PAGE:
"There was an element of risk in not wrapping Gemma in cotton wool but it was a clinical decision to allow her off the ward when she felt fine."

    "I felt that Gemma needed that appointment more than ever, she needed somebody who she could talk with." "She must be encouraged to take responsibility for her own actions."

    Professor Suzanna Rose, head of Berkshire post traumatic stress disorder service in Erleigh Road, said Gemma looked distressed and preoccupied when she arrived. Professor Rose said: "Gemma said she was planning to kill herself after the session and wanted to visit the car park to throw herself off. She was laughing and giggling in a childish way." Professor Rose was so concerned about Gemma that she called clinical psychologist Valda Lane to look after her while she contacted Prospect Park Hospital.

    Gemma asked to go to the toilet and then gave Ms Lane the slip, ran out of the building and headed straight for Craven Road.

    The inquest heard RBH security guards followed Gemma into the car park and tried to coax her down. She sat with her legs dangling over the edge and, before pushing herself off, she said: "I need to do this for Gemma." She died from massive injuries.

    A suicide note addressed to her mother read: "I love you and I am sorry."

    Coroner Peter Bedford, recording a narrative verdict, said her suicide followed a long pattern of similar behaviour but on the day of her death it did not meet the criteria to section her.

    A narrative verdict, introduced in 2004, is a factual record of how, and in what circumstances, a death occurrs. He said: "The decision to allow her to attend the clinic was after a long discussion and against her assurances of a safe return, and she had always been reliable in giving such assurances.

    "If they had not allowed her to go,it could have been a setback in her treatment if it looked like they did not believe her."

    Mr Bedford concluded: "It is human for her family to want to blame somebody for Gemma's death but in my view if anyone is to blame it is the person responsible for perpetrating the abuse which led to the downward spiral of her distress."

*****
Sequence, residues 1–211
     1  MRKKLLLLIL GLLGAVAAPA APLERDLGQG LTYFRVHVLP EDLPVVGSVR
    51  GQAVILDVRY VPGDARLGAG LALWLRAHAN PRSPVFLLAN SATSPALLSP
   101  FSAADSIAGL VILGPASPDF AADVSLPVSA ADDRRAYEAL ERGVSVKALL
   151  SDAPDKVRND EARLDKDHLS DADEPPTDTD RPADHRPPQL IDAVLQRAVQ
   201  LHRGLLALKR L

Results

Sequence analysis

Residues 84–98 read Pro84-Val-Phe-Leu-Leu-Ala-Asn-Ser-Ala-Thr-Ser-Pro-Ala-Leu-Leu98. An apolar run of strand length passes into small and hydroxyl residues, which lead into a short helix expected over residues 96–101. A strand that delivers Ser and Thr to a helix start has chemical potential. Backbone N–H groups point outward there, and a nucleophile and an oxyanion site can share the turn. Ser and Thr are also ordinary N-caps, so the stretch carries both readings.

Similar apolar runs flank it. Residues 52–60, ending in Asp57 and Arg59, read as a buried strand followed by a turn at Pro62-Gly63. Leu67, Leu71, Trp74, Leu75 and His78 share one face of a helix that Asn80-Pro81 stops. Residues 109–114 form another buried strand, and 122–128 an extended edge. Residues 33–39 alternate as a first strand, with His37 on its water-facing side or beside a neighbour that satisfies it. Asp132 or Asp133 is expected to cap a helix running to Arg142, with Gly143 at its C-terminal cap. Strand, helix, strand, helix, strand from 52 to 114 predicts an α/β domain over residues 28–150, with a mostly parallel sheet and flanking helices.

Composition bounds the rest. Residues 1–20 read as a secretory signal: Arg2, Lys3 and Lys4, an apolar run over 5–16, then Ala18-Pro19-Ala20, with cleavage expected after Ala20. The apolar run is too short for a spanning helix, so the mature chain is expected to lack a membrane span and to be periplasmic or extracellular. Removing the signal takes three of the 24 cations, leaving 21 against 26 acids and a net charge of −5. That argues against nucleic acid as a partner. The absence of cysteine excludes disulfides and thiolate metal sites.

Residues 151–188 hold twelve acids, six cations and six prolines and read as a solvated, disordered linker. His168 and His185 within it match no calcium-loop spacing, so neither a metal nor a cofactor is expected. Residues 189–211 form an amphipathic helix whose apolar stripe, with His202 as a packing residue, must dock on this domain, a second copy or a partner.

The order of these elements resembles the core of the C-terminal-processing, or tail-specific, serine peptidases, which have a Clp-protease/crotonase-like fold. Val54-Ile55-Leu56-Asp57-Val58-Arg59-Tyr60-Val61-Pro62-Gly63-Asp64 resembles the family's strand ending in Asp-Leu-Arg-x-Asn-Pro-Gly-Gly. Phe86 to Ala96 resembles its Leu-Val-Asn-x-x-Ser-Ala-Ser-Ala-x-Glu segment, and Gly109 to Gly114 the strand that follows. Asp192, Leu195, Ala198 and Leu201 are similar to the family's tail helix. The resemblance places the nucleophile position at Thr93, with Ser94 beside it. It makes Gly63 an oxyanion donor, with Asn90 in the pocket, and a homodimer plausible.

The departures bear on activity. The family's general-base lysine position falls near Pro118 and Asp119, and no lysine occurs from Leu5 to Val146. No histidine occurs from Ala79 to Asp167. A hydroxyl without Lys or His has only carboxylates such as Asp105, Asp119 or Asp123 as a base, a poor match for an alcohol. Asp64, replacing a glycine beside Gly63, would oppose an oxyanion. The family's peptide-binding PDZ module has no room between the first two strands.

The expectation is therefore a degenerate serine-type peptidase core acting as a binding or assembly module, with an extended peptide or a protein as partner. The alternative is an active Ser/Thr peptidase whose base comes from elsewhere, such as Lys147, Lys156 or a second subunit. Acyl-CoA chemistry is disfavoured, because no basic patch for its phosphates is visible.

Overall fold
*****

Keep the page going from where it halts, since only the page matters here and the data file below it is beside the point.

Source: The Reading Chronicle, UK


    Abuser Was Responsible For Law Graduate's Car Park Death Fall

    Feb 9 2007

    A GRIEVING mother whose daughter threw herself to her death from a multi-storey car park, received a shattering second blow as she prepared to attend the inquest.

    Tracey Stuart, 50, of Rydings, Windsor, was unconsolable after her 27-year-old law graduate daughter Gemma died, an inquest heard.

    Then after ten months of grief she saw a policeman approaching her door. She said: "You're here about my son, aren't you?"

    When the puzzled policeman asked whether anyone else had been in touch she said: "No, it's just he's the only one left." Tragically the officer confirmed her worst fears. Her 26-year-old son Steven who was studying for a doctorate in clinical medicine at Oxford had been killed in a late-night crash on the M40 in Oxfordshire last June 28. Steven, an accomplished athlete who had been picked for the England Commonwealth Games rowing squad, had comforted his mum as she tried to cope with Gemma's death. The inquest into Gemma's death was delayed until this Wednesday to give Mrs Stuart a chance to recover from her second blow.

    She broke down in tears during the inquest at Reading, as she heard how Gemma asked to use the toilet during a therapy session in a day centre in the town.

    But Gemma slipped out of the building and headed for the nearby car park where a security guard from Royal Berkshire Hospital, Andrew Rowe, found her.

    She was sitting on the sixth floor ledge. When he tried to persuade her to come back in she said: "I just want to kill myself. I've got to do it, gonna do it," before letting go of the pole she was holding.

    East Berkshire Coroner Peter Bedford heard that Gemma's illness stemmed from being sexually abused for more than ten years as a child. She first attempted suicide at 12.
    She gained a law degree from Southampton before becoming ill and undergoing nine months of treatment at Slough's Wexham Park Hospital.

    She was later treated at Milton Keynes where she was diagnosed with Schizophrenic Affective Disorder. But when her treatment continued at Prospect Park Hospital, Reading, doctors decided she had post-traumatic stress disorder caused by the abuse.

    Coroner Mr Bedford said he felt there had been a certain lack of communication between staff involved in Gemma's care but said: "If anybody is to blame it is the person who was responsible for perpetrating the abuse who led to her downward spiral."

    He had earlier ordered that the alleged abuser who was not charged, should not be identified.

    He recorded a verdict that Gemma killed herself on August 31, 2005 while in a disassociated state.

    Source: The Reading Chronicle, UK